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Students Get A Taste Of Job Interview Process

OSWEGO, NY – Dozens of Oswego High School students got a taste of real job interviews Thursday as several local professionals questioned the teens.

The interviewers represented a variety of businesses including Cali’s Carriage House Florist, IBEW Local 43, ARISE, Army National Guard, Oswego City Employment & Training, Camp Hollis, SUNY Oswego Small Business Development and others.

OHS student Danielle Pauldine takes part in a mock job interview with Mike Cali. The program is designed to give students experience in handling real life job and college interviews.
OHS student Danielle Pauldine takes part in a mock job interview with Mike Cali. The program is designed to give students experience in handling real life job and college interviews.

The interviews, conducted in the Media Center, were treated as the real thing by the professionals and the students.

The professionals said they were impressed with the way the students handled the situation.

The program has been conducted for the past several years, and is designed to allow OHS seniors to get a real world work experience with interview techniques.

They handled themselves very well and were focused on what they were looking to do, observed Jim Farfaglia of Camp Hollis.

“I was very impressed with how the students handled the interview process. They were well prepared and didn’t seem the least bit nervous at all,” he said.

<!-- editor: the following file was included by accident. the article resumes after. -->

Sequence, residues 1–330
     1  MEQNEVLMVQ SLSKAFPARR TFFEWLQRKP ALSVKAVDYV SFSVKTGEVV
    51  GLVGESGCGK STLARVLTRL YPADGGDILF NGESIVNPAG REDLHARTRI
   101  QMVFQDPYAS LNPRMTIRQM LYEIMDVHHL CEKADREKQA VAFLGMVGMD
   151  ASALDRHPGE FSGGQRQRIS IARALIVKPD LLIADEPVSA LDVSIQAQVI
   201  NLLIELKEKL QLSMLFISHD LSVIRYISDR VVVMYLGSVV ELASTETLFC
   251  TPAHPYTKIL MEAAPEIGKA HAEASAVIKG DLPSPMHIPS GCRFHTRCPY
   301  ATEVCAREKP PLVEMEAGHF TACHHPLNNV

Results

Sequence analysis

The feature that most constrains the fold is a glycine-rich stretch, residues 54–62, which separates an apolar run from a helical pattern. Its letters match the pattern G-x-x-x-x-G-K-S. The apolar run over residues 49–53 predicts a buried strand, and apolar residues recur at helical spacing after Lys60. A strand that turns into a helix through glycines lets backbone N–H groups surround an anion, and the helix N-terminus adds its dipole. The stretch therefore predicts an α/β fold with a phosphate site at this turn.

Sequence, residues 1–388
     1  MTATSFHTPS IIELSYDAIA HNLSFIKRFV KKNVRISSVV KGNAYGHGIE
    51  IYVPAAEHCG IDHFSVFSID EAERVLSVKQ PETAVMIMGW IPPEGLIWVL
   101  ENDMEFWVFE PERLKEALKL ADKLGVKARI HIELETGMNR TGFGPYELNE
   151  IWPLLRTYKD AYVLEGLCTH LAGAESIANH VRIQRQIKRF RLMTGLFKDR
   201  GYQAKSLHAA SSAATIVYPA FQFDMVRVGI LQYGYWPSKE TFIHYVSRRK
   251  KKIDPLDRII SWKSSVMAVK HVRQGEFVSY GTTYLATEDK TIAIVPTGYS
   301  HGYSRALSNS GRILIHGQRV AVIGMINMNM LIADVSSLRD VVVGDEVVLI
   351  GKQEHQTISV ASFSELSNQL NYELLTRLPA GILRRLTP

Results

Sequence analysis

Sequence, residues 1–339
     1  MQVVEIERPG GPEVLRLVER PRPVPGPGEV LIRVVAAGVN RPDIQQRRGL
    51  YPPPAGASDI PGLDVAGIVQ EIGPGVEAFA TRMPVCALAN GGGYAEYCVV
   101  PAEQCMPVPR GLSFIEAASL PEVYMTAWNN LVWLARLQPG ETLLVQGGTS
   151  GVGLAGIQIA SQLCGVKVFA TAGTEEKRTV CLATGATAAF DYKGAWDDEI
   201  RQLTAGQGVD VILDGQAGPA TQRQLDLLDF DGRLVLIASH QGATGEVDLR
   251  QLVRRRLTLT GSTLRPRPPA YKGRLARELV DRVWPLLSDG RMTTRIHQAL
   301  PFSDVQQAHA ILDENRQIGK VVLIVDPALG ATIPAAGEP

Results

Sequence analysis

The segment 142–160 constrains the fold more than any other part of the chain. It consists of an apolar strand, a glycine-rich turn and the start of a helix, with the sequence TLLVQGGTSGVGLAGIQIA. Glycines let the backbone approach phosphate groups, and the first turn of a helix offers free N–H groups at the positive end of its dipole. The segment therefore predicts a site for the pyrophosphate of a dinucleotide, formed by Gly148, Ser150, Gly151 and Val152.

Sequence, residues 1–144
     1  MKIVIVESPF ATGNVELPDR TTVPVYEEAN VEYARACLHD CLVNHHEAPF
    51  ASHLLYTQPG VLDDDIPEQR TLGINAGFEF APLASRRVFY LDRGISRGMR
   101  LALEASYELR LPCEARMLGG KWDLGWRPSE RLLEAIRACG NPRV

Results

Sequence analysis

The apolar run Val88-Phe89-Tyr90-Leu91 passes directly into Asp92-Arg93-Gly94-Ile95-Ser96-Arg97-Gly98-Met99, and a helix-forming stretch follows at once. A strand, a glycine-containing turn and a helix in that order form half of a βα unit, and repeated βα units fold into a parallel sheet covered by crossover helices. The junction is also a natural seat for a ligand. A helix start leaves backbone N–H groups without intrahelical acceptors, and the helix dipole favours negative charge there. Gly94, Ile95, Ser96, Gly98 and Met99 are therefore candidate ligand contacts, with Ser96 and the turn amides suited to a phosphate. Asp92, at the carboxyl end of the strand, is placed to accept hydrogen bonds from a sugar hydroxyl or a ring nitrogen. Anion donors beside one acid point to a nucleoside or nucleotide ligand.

It was a worthwhile experience, according to Danielle Pauldine.

“It went good,” she said of her interview with Mike Cali.

In the future, she said, she hopes to open her own business, a bakery.

Kevin O’Connor interviewed first with Farfaglia.

“He gave me some good pointers about things I could have done better. He pointed out things that he liked and things he didn’t like,” he said.

“I thought it helped me a lot,” Ben Canale said of the interviews he went on. “They gave me a lot of good advice, like I shouldn’t wear sneakers with my dress clothes.”

He plans on having a career in the nursing field.

“This is something that (Library Media Specialist) Janet (Bernreuther) and I do for two days. Day one, we talked to them about interviewing and day two if they don’t have a resume we help them develop one and they bring it to the interviews,” explained Ed Stacy, one of the teachers involved in the program.

“The interview is a good experience for them. It shows them what they need for a successful interview to get them on the right track to, hopefully, land a job,” he said.

“I actually asked one person to come back for a real interview,” Farfaglia said. “All the kids I interviewed were top notch.”

Cali noted that there were some blanks on some of the resumes. They should be filled out completely, he said, adding that when an interviewer sees something not filled in it raises a red flag as to why.

Volunteer work is something that should be included on the resumes, he pointed out.

Bernreuther cited the community members who took the time to come in and work with the students.

“We appreciate them coming in and sharing their expertise,” she said. “They’re doing this on their own time.”

She never went on an interview until after she was out of college, looking for a teaching job, she said.

“I had never been through anything like this. I had no idea of what to expect. My first experience was absolutely frightening. Had I gone through something like this, I’m sure I would have been more relaxed and able to handle the questions easier,” she said. “This is a very valuable experience for these students.”